Truth be told, both have applicability in museum security. Hardwired security systems are fine for permanently stationary objects, but can make it nearly impossible to secure changing exhibitions. Wireless sensors, on the other hand, are easily moved between exhibition halls and collection storage rooms, with minimal disruption in coverage. The same goes for traveling exhibits.

Likewise, hardwiring security devices can be difficult or impossible in many situations. There is no good option for hardwiring into a glass display case, for instance. In museums located in historic facilities, the challenges increase exponentially, not only due to thick walls and high ceilings, but in the interest of preserving the building itself.

To adequately address the needs of museums, both wired and wireless provide complementary features that result in a comprehensive security system. Hardwired security solutions are a bit less flexible than wireless solutions. Once the wireless security infrastructure is in place, wireless devices can simply be mounted where needed, then registered in the system. When an alarm is sent, repeaters — devices used to extend the range of the wireless signal — ensure that the alarm is carried to the receiver, which then disseminates the alarm to the museum’s internal security, as well as to an outside central station or police.

Though it isn’t the case with wired, not all wireless is created equal. Wireless that’s suitable for residential applications won’t have the flexibility, range or reliability of purpose-built wireless for commercial applications.

These purpose-built systems can be installed in hours, instead of the days or weeks required for hardwired systems. And once the system is operational, it is easy to move, add or remove sensors as needed. Not so with hardwired end points. For museums, this mobility feature is critical to securing portable exhibits and objects.

Commercial wireless systems also often include survey tools that simulate the wireless installation in a building, or across a campus. The survey helps to ensure adequate coverage, verifying the system’s installed performance and reliability, and helps reduce the likelihood of post installation rework. Using survey tools reduces the risk of failure, which is key to an effective security system. Site surveys are also common in the preparation of sales quotations for commercial properties of all sizes. When conducted properly, they eliminate overbidding stemming from the unknown labor risks associated with cutting and drilling through walls, ceilings and floors.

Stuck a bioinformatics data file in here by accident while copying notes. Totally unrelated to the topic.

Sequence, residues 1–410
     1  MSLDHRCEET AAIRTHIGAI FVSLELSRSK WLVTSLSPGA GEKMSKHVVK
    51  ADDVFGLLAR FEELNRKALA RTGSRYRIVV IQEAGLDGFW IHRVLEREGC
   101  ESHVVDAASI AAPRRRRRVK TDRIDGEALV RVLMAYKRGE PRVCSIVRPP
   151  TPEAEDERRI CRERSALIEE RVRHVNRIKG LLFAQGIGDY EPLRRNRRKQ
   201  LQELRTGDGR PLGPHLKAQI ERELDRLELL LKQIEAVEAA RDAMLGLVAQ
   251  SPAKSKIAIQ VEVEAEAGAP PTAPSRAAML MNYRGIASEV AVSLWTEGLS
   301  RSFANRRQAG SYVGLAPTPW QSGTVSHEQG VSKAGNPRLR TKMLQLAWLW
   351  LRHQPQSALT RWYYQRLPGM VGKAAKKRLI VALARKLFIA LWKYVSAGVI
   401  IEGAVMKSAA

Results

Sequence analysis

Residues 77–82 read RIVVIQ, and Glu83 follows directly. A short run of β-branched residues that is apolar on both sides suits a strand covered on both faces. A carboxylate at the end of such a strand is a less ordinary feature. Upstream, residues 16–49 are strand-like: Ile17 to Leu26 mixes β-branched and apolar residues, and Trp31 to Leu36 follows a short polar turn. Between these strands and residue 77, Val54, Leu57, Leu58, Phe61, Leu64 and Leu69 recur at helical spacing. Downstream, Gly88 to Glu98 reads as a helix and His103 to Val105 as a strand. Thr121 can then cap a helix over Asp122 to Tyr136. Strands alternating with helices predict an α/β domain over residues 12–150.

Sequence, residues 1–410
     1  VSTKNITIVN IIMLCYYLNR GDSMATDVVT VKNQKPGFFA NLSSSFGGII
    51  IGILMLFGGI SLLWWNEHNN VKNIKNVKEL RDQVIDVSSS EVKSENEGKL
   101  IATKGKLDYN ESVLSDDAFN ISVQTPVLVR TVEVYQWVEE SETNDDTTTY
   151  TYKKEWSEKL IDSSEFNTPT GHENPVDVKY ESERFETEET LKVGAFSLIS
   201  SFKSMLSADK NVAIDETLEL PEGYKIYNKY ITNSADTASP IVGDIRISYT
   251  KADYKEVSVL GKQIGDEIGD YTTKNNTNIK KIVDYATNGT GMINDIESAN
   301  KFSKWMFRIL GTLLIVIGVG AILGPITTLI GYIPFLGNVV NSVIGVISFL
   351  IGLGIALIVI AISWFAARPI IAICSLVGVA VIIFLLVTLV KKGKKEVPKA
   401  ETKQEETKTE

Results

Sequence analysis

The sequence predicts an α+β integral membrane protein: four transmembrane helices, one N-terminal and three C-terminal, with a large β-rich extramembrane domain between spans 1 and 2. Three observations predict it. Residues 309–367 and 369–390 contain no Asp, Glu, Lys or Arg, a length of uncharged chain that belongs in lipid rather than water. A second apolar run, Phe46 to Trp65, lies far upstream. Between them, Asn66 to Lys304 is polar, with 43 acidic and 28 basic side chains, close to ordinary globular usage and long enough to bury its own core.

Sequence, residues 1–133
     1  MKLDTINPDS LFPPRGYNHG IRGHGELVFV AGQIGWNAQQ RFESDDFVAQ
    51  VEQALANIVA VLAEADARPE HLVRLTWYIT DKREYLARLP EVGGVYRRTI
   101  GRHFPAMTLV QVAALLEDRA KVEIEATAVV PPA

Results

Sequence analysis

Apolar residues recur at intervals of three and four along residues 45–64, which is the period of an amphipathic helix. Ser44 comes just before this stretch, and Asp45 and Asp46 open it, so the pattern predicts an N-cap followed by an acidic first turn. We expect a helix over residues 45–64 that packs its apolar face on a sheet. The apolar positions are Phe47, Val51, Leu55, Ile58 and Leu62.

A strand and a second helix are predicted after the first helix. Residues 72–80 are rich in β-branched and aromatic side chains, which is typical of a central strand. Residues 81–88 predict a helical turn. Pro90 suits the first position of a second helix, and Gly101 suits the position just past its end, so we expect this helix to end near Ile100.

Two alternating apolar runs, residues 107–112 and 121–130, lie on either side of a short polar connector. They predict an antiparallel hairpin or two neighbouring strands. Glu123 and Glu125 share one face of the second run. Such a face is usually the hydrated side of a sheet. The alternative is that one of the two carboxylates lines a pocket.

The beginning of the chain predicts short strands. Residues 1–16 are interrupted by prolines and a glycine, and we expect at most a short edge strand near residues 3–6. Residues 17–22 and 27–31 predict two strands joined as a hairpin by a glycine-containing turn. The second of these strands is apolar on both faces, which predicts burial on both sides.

Commercial systems are also supervised, reporting device tampering, low batteries and devices that are inactive or missing. Repeaters, mentioned above, are used to extend the range of wireless coverage by retransmitting signals from security sensors and/or other repeaters. Repeater-based systems can be easily scaled to monitor a single exhibit, a building or an entire multibuilding campus spread over acres, including detached outbuildings and associated parking structures.

Becoming a Security Curator

Museums everywhere share a dual mission: To ensure the protection and preservation of their collections, while providing public accessibility that’s close enough to priceless objects to establish a personal relationship. Because the objects in a museum are often priceless, there is no acceptable loss; anything stolen, vandalized or destroyed cannot be replaced. However, the objects cannot just be locked in a sealed vault; it is the nature of a museum that they must be available to the public to fulfill their purpose.

Like museums, security comes in two facets — wired and wireless, each complementing the other to collectively satisfy a unique set of demands. Wired has its role protecting permanent exhibits while wireless, the most unobtrusive and flexible option, satisfies the ever-changing and dynamic environment of portable exhibit management. At its core, a museum security solution protects the objects, and, at the same time, remains flexible and unobtrusive enough to keep the attention of both its infrequent visitors and loyal patrons.

Any way you slice it, it’s a market opportunity security integrators will not want to pass up. Doing so could make your business a relic of the past.